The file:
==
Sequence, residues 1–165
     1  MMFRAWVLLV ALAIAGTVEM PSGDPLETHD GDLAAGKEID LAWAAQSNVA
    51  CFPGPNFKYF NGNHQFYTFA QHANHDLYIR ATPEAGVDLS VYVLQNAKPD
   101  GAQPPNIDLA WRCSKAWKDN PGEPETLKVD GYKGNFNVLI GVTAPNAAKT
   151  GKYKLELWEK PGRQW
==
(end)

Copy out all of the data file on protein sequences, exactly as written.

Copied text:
Sequence, residues 1–165
     1  MMFRAWVLLV ALAIAGTVEM PSGDPLETHD GDLAAGKEID LAWAAQSNVA
    51  CFPGPNFKYF NGNHQFYTFA QHANHDLYIR ATPEAGVDLS VYVLQNAKPD
   101  GAQPPNIDLA WRCSKAWKDN PGEPETLKVD GYKGNFNVLI GVTAPNAAKT
   151  GKYKLELWEK PGRQW